You Can Learn How To DJ In VR

How learning real-world skills can turn out to be the killer app for VR & AR.

“We live in a world where the entire history of mankind, and all its knowledge, is available through Google and other resources, yet the average adult spends only 5 minutes per day learning, compared to 50 minutes per day on Facebook and social media,” muses Tom Impallomeni, Co-founder and CEO of Tribe VR.

Yet Tribe’s founding team—which includes veterans from companies like Pixar and High Fidelity—are determined to change all that, by developing their company into the ultimate immersive learning platform.

“We have all independently reached the conclusion that the killer application of VR/AR is learning real-world skills,” Impallomeni says, adding that using the space around us to learn in an interactive way is something that will come naturally to a generation of millennials who have grown up with 3D environments such as Minecraft.

Tribe’s VR DJ school—now available on Oculus—does this by allowing anyone to learn to DJ and mix music using a virtual deck that mimics the setup used in nightclubs around the world. Wannabe DJs learn controls and techniques from virtual DJ mentors and mix sets.

“It’s such a natural fit for VR,” says Impallomeni. “A multi-sensory experience that opens up a whole world of possibilities for learning and creation.” Tribe is currently working on adding several new lessons for aspiring DJs including “beat matching basics”, “mixing techniques” and a series of DJ masterclasses.

Impallomeni describes his team and himself as a bunch of “passionate musicians and frustrated wannabe DJs,” making the choice for this partnership something of a natural fit when they were considering use cases for the platform. They realized that learning to DJ is perfect for VR because the methods usually available for those wanting to learn the mind boggling range of controllers—watching videos, asking friends to teach you, buying the kit, and going to DJ school—are far from ideal.  

“VR removes these frictions and inefficiencies by enabling users to learn on virtual decks, in a fully interactive environment using 6DOF (six degrees of freedom) in the space around you,” said Impallomeni. “Users can learn by doing, not by watching or listening. Fans can repeat lessons, and practice in freeplay mode over and over as an AI mentor guides them through the process. It’s just a better overall way to learn.”

Users can take DJing lessons—learning the basic mechanics and techniques—as well as practice in Free Play mode with tracks curated specially for them. They can then cue and play tracks, beat match, scratch and mix using a virtual CDJ-style setup.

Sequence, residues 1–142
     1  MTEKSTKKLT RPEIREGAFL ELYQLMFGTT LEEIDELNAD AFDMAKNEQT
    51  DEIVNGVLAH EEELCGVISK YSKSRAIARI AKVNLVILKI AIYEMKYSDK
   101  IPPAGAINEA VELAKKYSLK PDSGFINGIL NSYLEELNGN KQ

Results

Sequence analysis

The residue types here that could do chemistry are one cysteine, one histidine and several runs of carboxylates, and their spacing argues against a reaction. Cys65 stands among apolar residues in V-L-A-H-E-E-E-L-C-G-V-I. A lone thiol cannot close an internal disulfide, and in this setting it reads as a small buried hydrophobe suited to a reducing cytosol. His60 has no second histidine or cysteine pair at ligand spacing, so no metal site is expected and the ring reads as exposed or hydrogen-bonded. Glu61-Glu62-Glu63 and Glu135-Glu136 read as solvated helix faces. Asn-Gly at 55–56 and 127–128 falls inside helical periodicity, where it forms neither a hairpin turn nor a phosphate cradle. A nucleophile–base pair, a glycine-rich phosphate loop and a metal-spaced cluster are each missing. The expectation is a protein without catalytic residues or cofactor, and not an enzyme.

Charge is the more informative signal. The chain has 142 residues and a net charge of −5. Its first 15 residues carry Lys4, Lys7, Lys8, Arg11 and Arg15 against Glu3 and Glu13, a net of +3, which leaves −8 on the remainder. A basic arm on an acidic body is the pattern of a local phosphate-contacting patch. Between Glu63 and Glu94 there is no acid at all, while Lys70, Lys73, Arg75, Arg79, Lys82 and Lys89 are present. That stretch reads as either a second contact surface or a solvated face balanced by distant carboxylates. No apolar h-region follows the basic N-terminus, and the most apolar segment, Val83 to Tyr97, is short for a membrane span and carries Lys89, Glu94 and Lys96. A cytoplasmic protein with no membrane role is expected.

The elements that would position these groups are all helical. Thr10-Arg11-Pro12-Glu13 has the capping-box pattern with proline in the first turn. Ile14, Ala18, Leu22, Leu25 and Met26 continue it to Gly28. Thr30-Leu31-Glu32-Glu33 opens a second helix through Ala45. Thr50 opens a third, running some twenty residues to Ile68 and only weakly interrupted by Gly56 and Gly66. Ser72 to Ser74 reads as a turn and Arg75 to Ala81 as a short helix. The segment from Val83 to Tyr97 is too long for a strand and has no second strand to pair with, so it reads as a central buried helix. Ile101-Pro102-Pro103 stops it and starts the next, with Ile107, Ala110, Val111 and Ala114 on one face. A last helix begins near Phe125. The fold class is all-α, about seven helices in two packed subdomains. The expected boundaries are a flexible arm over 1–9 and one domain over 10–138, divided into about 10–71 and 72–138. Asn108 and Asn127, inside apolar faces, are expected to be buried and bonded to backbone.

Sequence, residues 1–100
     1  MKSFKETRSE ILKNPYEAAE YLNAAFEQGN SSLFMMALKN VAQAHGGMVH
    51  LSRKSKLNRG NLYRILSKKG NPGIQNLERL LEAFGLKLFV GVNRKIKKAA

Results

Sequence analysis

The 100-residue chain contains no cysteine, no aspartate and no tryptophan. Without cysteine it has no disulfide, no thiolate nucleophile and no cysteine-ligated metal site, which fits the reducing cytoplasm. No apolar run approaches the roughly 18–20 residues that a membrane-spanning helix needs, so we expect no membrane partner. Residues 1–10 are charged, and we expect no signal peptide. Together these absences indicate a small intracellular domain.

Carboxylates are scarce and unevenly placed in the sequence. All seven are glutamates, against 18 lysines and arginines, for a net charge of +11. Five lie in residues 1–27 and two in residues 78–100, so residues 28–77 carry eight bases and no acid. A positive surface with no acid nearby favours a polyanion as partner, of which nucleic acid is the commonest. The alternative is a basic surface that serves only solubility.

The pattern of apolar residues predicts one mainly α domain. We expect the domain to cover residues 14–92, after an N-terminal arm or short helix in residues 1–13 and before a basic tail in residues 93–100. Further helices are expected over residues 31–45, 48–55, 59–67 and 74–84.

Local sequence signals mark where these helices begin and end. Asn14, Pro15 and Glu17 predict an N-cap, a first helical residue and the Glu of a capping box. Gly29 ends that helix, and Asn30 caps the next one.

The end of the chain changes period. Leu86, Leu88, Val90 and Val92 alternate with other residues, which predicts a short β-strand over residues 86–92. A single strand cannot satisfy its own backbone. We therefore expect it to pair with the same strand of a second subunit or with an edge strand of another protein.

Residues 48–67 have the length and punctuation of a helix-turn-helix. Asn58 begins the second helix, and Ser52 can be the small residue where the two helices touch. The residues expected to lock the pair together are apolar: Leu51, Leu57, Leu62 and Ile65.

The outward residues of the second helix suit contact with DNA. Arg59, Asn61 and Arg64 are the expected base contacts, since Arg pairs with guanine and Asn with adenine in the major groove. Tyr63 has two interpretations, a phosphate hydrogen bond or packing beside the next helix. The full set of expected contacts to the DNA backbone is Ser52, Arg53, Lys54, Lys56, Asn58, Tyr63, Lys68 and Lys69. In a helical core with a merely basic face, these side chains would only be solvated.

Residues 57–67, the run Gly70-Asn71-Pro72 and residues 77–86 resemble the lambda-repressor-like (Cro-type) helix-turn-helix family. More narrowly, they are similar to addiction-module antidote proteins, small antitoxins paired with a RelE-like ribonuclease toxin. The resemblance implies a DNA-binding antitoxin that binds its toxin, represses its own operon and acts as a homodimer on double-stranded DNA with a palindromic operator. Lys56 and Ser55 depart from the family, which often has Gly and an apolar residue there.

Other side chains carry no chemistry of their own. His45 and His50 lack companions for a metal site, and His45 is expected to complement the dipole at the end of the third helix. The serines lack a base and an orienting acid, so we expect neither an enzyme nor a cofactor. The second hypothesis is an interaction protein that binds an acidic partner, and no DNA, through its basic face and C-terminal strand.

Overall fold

“VR opens up new ways for DJs and artists to connect with fans around the world, to make music production and DJing more accessible… this will change music for the better,” believes DJ Andrew Moore, who is working with Tribe to develop unique content and lessons for the platform.

Moore is no stranger to using technology in his performances: In 2005 he created the iconic Kryoman robots, which have since gone on three world tours to complete over 1000 shows in 52 countries, performing with the likes of Black Eyed Peas, Nikki Minaj, Akon, Ludacris, Pitbull, Kelly Roland and Usher.  

Kryoman’s top hits will be available in Tribe’s free play zone: “I hope fans enjoy mixing using my music,” says Moore, adding that he’s excited about the potential that VR offers for the music industry.

Pyramind, a San Francisco-based music school with extensive experience in teaching DJs and Music Producers, is also working alongside Kryoman and Tribe to develop these immersive learning experiences. “We see VR and AR as the next step in improving the way people learn and create music,” says its CEO and Co-founder Gregory Gordon.

The plan is for Tribe to expand beyond DJing into areas such as music production, eventually allowing users to create their own lesson content and broadcast their lessons to others. “We are adding more lessons, content and features all the time, and will soon introduce virtual masterclasses, where DJs and music producers both teach skills and tell their back stories, explaining their favorite musical choices, and hopefully inspire our users to create great new things.”

Impallomeni says 2018 will be a huge year for VR, and believes the industry is moving towards XR—Cross Reality—as a catchall term that covers VR, AR and mixed reality. Ultimately, he envisages Tribe becoming available across all these mediums as the market converges.

“The idea is that you will be able to learn immersively and interactively whilst using the space around you, learning techniques and methods from the masters, and interacting with virtual mentors. We firmly believe in the power of immersive media, and feel that in future, training without VR and AR will seem nonsensical.”

About the Scout

Alice Bonasio

Alice Bonasio runs the Tech Trends blog and contributes to Ars Technica, Quartz, Newsweek, The Next Web, and others. She is also writing VRgins, a book about sex and relationships in the virtual age. She lives in the UK.

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